On-call firefighter Iwan Ward and his family received our support when he went through a difficult time following some traumatic shouts. Here, he and his wife Anita share how we helped all of them – remotely and at Harcombe House.

When Iwan Ward isn’t cleaning windows in his day job, he’ll be helping his wife with their two young sons or joining a community meeting in his role as a councillor. And around all of that, he’s also an on-call firefighter.

Iwan, 40, has been in Mid and West Wales FRS for 16 years in his on-call role and has loved it from the moment he joined. However, while the job is deeply rewarding, it’s also a huge juggling act in his already busy life – and comes with pressures many could never imagine.

No-one can predict when a difficult shout will leave a lasting impact on you. For Iwan, who was recently promoted to Crew Manager at Crymych Fire Station, it came in 2023.

While he had always been very open with those around him, Iwan began to withdraw and bottled up how he was feeling in the weeks that followed. This became a snowball effect, and he started struggling to sleep, experiencing flashbacks and noticed his mood changing.

Fortunately, he knew we were there to offer support and reached out to us early. From there, we’ve offered him remote counselling and invited him and his family to Harcombe House on a rest and recharge stay – something he says was very much needed by all of them.

“I love being an on-call firefighter,” says Iwan. “I actually wanted to join when I was 18, but life got in the way and my wife wasn’t immediately keen on the idea. Don’t get me wrong, she still worries about me, that’s part of the job. But it’s a very proud role for both of us.”

While knowing and being part of your community is undoubtedly one of the greatest draws to being an on-call firefighter, Iwan says it also means he often knows the person at the other end of a shout – so when his pager goes off, it comes with that added concern.

His wife, Anita, says: “It’s still exactly the same all these years later. If he goes out in the middle of the night, I won’t sleep until he comes back. But [the crew] are all one big family. If they get a bad shout, they all talk through it together, they’re all there for one another, and that’s reassuring for me.”

While Iwan knew about the support we offer, he didn’t call us until last year when he started facing challenges with his mental health.

“We lost a little girl in a house fire last year and, for me, that was a tipping point because we’d had a really rough 12 to 18 months as a station leading up to it,” says Iwan. “I think I probably saw more bad deaths and fires in that 18 months than I’d seen in the last 15 years.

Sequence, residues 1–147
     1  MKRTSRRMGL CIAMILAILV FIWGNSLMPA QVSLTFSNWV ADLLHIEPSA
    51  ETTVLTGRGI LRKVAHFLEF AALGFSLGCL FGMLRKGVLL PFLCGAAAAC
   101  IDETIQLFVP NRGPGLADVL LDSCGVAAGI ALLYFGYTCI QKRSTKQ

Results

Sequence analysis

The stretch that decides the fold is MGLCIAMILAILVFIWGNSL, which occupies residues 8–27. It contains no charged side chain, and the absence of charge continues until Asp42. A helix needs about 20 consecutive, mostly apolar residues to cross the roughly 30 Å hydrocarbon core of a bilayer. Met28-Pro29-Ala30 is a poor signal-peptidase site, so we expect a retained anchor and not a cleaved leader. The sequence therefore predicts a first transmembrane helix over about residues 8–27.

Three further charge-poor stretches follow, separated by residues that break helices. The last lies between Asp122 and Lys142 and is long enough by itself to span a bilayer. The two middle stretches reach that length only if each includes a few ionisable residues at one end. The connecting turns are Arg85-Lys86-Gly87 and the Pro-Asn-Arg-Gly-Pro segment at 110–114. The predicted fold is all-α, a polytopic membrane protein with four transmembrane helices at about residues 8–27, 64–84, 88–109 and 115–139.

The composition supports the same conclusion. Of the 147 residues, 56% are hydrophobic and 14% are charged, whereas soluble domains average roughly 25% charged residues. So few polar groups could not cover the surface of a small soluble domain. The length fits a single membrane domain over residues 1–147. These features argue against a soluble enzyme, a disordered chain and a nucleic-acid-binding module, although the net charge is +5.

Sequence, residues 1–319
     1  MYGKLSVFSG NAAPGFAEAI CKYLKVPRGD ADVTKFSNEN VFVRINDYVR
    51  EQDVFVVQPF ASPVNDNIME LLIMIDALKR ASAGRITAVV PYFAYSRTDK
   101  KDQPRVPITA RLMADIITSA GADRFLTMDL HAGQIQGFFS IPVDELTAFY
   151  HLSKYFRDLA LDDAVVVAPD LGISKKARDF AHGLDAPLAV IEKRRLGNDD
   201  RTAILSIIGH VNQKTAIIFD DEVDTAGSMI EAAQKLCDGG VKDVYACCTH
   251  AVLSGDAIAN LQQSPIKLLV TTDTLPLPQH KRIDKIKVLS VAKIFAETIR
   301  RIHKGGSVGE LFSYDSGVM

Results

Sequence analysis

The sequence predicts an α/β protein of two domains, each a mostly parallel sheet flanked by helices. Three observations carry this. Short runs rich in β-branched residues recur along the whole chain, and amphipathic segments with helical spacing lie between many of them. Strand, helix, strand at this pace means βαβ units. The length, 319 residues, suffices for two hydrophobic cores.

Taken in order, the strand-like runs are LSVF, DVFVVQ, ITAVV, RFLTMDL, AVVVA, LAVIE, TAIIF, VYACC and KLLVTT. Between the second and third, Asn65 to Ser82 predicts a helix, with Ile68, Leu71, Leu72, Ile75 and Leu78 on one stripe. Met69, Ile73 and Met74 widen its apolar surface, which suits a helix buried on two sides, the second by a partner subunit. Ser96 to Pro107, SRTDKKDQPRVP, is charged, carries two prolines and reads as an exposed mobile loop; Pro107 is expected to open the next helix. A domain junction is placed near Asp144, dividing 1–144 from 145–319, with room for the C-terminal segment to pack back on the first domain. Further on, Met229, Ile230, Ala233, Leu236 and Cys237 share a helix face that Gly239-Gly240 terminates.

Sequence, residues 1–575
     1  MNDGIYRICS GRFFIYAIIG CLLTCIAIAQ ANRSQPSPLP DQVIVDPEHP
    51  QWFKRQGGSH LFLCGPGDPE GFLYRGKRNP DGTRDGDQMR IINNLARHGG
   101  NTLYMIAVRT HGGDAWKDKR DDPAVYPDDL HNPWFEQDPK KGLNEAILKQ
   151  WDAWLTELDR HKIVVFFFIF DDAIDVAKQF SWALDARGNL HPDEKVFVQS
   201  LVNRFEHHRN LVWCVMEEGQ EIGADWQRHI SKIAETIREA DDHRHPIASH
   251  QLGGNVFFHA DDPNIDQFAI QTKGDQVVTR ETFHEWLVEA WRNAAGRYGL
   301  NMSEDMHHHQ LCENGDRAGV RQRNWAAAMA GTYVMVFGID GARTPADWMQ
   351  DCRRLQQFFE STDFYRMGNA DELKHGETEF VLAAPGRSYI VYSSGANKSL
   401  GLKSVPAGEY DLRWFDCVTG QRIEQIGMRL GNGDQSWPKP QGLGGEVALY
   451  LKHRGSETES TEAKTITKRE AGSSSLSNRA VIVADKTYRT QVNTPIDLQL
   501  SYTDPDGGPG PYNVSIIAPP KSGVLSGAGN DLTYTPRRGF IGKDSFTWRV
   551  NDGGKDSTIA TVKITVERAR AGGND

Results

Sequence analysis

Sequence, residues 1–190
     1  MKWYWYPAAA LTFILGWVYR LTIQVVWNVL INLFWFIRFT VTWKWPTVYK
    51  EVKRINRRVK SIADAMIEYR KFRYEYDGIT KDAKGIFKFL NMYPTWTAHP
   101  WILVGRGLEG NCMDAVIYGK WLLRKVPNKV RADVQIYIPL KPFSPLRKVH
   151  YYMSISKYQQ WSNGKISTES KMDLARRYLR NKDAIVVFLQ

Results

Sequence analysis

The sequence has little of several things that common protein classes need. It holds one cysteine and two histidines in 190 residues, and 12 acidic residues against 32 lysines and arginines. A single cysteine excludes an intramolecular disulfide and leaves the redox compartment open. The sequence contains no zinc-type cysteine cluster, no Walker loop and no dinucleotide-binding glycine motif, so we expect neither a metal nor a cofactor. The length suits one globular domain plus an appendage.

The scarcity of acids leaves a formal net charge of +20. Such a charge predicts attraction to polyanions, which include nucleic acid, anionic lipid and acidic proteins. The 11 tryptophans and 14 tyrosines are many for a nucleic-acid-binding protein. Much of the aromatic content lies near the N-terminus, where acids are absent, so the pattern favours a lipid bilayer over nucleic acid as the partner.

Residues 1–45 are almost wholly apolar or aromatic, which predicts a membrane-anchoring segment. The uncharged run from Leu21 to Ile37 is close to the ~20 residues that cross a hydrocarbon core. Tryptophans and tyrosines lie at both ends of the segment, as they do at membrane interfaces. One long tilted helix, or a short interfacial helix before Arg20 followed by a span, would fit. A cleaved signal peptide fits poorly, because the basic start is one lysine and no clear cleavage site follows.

“When the incident happened, it was 9.30pm at night so my boys were still awake. Then as I came home in the morning, my kids were waking up, so that was tough – stepping back into that family life.

“I didn’t know how to deal with it properly, and I was being distant from my wife and kids. I had my boys going to my wife and saying, ‘why doesn’t dad want to speak to us?’ That’s when I realised how bad it had got.

“I was very snappy towards my wife too. I’m usually quite a cool person, but we were suddenly always arguing over really silly things. On top of that, sleep was a big thing for me. My brain was on overdrive every night, so I wouldn’t be getting to sleep until say 5am. I’d then often be waking up to flashbacks.”

Anita, meanwhile, had to watch her husband suffering, which understandably had a huge knock-on impact on her: “It was really difficult, he’s never been like that before. It wasn’t him to be down or quiet, he’s always a big, jolly, happy person, life and soul of the party, and then to suddenly be very down and very quiet, was very difficult to see.”

Iwan says, while he didn’t feel at a point of crisis, he knew getting support as early as possible was key.

“I knew, while I might be okay with it at first, I didn’t know what I’d be like in 10, 15, 20 years,” he says. “I’ve seen it, I’ve seen people trying to be strong and then in 10, 15 years, they’re finished. I wanted to deal with it straight away.

“Just being able to have contact with the Charity so quickly was brilliant. I was offered remote counselling and the chance to visit a centre almost straight away, with my family.”

The whole family visited Harcombe House on a rest and recharge stay, and Iwan says: “It had been really difficult on everyone, watching me struggling, so I was very aware they were in need of a break too. It was absolutely amazing, I can’t praise it enough.”

And Anita says of the time away: “For the first time, for a long time, we were there as a family with no other distractions. We were just able to enjoy the two boys… they loved the swimming and they were able to play football, air hockey, the walks, it was just so relaxed and peaceful.”

Iwan followed the visit with the remote counselling sessions, and says of those: “They were amazing, it was just a chance to talk about everything.”

Iwan is also fully supporting our 24/7 Crisis Line, which we launched in November 2023 and says: “If it had been there when I was struggling, I’d have been on it straight away. I’ve got friends who’ve taken their lives because they haven’t had anyone to talk to.”

The couple are both now spreading the word as far as they can and would also encourage anyone reading their story to regularly support us – having seen what a difference your donations make.

“It’s a really big help to know that if any of us are going through anything, we’ve got the Charity there to go to – the kids as well,” says Anita.

If you feel you’d benefit from our health and wellbeing support, you can call our Support Line on 0800 389 8820, make an enquiry online or visit the ‘Access Support’ tab in My Fire Fighters Charity.

And remember – if you’re feeling suicidal, you can call our Crisis Line 24 hours a day on 0300 373 0896.